Grinding the Axe

In Crossing to Safety, by Wallace Stegner, the narrator Larry Morgan describes the pain in his past, writing the final chapters of his book in tears:

Yet now, having held in grief and resentment, and evaded thinking too much about the episode that changed my life with the finality of an axe, here I am exalted by having made use of it, by having spilled my guts in public.  We are strange creatures, and writers are stranger creatures than most.

We write what we know, and sometimes what we know is painful- perhaps not as acutely as an axe falling, but more chronically, like a corrosive acid.  When writing about and making use of the pain, it’s important not to let self-pity take charge.  There are several themes in Fourth World, motifs intertwined like strands of DNA.  One of these, I imagine, is almost a universal feeling:  that of not belonging, of always looking in from the outside, no matter what one accomplishes in life.  In my case, that came from moving back and forth, as a child, between countries with different dominant languages and cultures, histories and aspirations.  One country (Malaysia) had the history of being the colony of another (the UK, where the British held- and still hold- strong prejudices regarding their former colonial subjects).  Feeling like an outsider in London was- and is, for Indians, Bangladeshis, etc.- not imaginary.  And, believe it or not, California in the mid-1960s was not a friendly place for Asian kids either- especially those who kept their original names.  Even with English as my first language, a vaguely British accent was a source of humor.

Despite objective evidence to the contrary, immigrants are often told that they are being too sensitive; reassured that the prejudice they see every day is not really there; reminded that after years of living in this country, they have reaped the benefits.  But do they truly belong?  I’m grateful to live in the US and feel much more fortunate than the vast majority, but still sympathize (which literally means to suffer with) today’s immigrants, especially in the current hostile climate.

In my novel Fourth World, Benn Marr has it much worse:  he comes from an Earth colony on Mars!  Here’s his conversation with Lora:

Benn snorted.  “You know, I do try awfully hard to keep the weird behavior to myself.”

Lora spotted a segue opportunity.  “Actually, you might rephrase that:  trying so hard to keep to yourself is your weird behavior.”  Lora took a deep breath- it was as good a time as any to say it.  “This has been bothering me since Highland City.  Benn:  you are, without  doubt, an extremely difficult person to read.”

Benn, who had a history of stumbling badly where Lora was concerned, thought she was still teasing.  “You mean difficult to read, as in a boring novel?  I’ll try to spice up my plot.”  She met his grin with a blank look.

“Difficult because I’m written in a foreign language?” he tried again.

“Come on, Benn.”  Lora rolled her eyes.  “Not a foreign language.  But you do act like a foreigner.  I always get the feeling that you’re holding back, standing apart and watching, as though you don’t belong.”

“That’s because I don’t belong.  And you do?  I admit, you fit in much better than I do, what with having social skills and all.  I’ll be forever an outsider, Lora:  the colonial subject visiting the imperial capital, tolerated only as long as I have something to contribute.  Otherwise it’s ‘Back to the colony, boy, your permit’s been canceled.’”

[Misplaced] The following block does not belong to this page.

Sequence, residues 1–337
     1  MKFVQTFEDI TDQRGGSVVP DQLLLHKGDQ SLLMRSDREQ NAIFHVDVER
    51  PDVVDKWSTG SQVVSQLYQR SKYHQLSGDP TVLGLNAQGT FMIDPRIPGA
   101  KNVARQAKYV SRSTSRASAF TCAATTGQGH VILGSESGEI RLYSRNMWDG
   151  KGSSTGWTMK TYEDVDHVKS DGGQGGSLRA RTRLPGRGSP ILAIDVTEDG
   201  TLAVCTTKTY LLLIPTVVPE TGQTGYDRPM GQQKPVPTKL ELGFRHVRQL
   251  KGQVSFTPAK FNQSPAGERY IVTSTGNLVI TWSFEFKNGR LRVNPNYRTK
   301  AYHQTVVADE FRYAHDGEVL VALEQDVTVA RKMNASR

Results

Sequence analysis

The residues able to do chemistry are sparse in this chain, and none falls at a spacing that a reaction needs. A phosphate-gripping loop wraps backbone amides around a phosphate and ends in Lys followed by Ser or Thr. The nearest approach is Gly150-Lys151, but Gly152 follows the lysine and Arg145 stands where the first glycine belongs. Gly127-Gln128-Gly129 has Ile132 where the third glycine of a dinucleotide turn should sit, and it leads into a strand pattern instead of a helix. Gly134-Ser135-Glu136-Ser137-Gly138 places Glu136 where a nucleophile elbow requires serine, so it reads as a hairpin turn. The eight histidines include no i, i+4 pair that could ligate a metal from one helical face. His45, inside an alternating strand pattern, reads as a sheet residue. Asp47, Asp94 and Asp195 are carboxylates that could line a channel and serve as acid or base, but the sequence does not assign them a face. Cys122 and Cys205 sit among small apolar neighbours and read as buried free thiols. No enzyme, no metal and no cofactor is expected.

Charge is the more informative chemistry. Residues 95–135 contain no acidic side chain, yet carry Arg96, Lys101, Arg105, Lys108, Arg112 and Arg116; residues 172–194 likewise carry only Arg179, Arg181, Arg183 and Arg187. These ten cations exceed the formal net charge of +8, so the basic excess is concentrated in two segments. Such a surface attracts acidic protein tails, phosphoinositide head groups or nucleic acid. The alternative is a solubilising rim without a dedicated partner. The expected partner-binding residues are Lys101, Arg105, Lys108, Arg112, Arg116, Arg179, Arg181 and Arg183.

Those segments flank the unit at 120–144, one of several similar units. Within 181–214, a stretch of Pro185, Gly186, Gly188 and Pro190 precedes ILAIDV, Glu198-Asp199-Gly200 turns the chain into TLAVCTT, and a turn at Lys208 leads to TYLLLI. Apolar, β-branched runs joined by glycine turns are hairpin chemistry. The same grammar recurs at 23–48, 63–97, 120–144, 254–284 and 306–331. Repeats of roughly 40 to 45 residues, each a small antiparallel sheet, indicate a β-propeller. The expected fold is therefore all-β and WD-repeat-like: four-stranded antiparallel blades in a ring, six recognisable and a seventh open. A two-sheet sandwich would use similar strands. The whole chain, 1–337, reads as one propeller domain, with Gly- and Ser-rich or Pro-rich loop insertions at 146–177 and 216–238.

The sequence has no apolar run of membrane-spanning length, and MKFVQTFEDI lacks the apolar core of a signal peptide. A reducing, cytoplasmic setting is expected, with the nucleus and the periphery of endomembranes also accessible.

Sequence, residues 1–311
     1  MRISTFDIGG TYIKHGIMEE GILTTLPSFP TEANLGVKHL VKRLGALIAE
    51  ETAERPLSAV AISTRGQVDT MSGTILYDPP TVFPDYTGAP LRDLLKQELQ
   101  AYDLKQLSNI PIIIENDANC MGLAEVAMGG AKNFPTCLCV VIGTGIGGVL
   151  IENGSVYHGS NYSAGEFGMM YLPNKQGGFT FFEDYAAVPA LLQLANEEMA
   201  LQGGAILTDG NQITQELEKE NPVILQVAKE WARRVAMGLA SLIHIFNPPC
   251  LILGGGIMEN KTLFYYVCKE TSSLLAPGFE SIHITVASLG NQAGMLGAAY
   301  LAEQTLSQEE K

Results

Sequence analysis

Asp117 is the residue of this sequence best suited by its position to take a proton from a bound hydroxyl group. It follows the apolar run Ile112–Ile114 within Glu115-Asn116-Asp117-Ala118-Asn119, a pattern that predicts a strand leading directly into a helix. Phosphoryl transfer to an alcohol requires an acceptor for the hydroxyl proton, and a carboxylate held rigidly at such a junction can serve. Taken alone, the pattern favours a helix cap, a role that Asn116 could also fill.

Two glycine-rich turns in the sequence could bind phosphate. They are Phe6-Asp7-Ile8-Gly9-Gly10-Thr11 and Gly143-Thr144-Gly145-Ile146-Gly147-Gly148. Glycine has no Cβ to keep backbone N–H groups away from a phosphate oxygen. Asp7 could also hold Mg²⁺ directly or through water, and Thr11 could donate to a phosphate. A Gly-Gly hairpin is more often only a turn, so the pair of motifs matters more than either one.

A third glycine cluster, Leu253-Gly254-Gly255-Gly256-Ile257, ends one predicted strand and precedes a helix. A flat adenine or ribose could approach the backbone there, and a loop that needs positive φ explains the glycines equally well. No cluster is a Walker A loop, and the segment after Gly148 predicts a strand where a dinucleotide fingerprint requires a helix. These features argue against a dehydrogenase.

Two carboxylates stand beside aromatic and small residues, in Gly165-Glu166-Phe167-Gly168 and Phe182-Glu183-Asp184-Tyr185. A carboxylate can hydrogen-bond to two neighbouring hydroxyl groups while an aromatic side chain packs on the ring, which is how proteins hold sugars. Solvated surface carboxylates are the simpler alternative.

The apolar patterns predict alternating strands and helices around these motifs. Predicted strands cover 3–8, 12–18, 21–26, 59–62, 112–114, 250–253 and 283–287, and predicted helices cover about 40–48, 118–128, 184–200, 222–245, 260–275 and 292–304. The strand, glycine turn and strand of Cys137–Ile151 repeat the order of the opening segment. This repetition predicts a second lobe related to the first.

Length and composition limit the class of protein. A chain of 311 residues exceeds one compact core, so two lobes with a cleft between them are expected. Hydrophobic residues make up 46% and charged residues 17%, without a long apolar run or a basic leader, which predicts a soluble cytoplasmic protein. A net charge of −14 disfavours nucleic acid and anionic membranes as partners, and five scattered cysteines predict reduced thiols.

“You don’t need to feel that way, Benn.  You see yourself as more of an outsider than others do.”

“Do you really suppose these folks consider us Martians their equals?  Back to the original subject, do you think Torch Halsey thinks of us as neighbors or alien freaks?”

“Halsey’s not a valid example; to him, everyone is a potential terrorist!”



We Live in a Sci-fi World II

Stem cells are all the rage.  And why not?  There is the potential to generate tissues of all kinds (kidney, brain, eyes etc.) from these undifferentiated cells, and to transplant those tissues into humans in order to treat disease.  During national elections, the analogy would be to turn uncommitted voters into Democrats or Republicans and then to move them into districts where they’re needed to boost the Electoral College count.  Stem cells are pluripotent, meaning they can grow up to be anything you choose by design.  An uninformed, unenlightened, unfeeling cell can one day become President of the United States- oops, I mean a kidney!

But their promise comes with great risk (see POTUS, above).  As a sad example, three very unfortunate women with partial loss of vision due to macular degeneration recently went to a Florida clinic where stem cells were injected into their eyes in an unproven treatment, and that resulted in their total blindness!  The use of experimental treatments without adequate studies will only increase, now that stem-cell clinics are popping up like spring flowers, and funding for the National Institutes of Health falling like autumn leaves.  In the current climate (pun intended) of denying scientific data, turning to “alternate facts,” and stigmatizing knowledge and expertise as elitist, careful assessment of the risks and benefits will diminish, while opportunistic stem-cell providers, like those in Florida, will thrive.

In my novel Fourth World, I’ve tried to keep a balanced view of stem-cell technology and genetic engineering, acknowledging both the gains and the pitfalls.  Dr. Neelin, Professor of Recombinant Anatomy, has made a cause of pursuing what he calls quacks and quasi-sequencers.  This is from a cadaver demonstration that Benn Marr attends: